The weight of the roles of environmental factors versus genetic factors in the cause of autism has frequently shifted. A study is now suggesting that environmental factors may play a larger role than was previously thought.
The study published in the journal Archives of General Psychiatry, reports that scientists at Stanford University identified 192 pairs of twins in which at least one of the two had some form of autism. Among these sets, there were 54 pairs of identical and 138 pairs of fraternal twins. The researchers then examined the children for autism themselves. What they found was that the genes twins share can increase the risk of getting autism by about 38%, but the environment twins share in the womb and immediately after birth may increase the risk even more – an estimated 58%.
Dr. Joachim Hallmayer, “A California Population-Based Twin Study of Autism,” study’s lead author said that the study shows a “need to accept that we have to go down the route of environment and genetics,” when it comes to studying the causes of autism, “we have to look at both sides of coin.”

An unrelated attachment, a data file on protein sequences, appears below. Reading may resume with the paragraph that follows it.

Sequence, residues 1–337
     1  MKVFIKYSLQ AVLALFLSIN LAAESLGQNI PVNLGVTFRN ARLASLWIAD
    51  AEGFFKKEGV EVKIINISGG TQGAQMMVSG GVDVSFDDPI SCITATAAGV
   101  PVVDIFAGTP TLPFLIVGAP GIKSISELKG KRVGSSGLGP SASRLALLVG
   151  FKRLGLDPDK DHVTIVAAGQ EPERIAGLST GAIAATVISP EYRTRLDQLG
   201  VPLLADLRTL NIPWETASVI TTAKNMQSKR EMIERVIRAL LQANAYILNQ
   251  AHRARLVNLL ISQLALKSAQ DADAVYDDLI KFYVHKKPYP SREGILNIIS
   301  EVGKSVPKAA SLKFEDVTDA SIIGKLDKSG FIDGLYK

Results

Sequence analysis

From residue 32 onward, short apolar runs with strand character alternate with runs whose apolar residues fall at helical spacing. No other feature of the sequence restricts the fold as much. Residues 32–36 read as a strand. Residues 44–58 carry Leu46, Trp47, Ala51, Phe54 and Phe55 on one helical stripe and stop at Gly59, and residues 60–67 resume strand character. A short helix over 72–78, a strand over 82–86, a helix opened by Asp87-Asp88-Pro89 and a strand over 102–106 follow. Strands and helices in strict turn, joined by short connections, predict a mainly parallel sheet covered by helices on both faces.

Autism becomes apparent by the time a child turns 3 and begins to show significant social, communication and behavioral difficulties. Historically, neglectful parenting was thought to be the cause of ASDs. Later in the century, scientists gave more weight to genetics when it was found that several specific genes are linked to autism.
Recently, scientists have been saying that there has to be something else triggering autism in genetically susceptible children. Hallmayer says, “We’re finally moving to a little bit of a middle position and we have to really study both factors.” His study adds more weight to the argument that both aspects are key to understanding autism.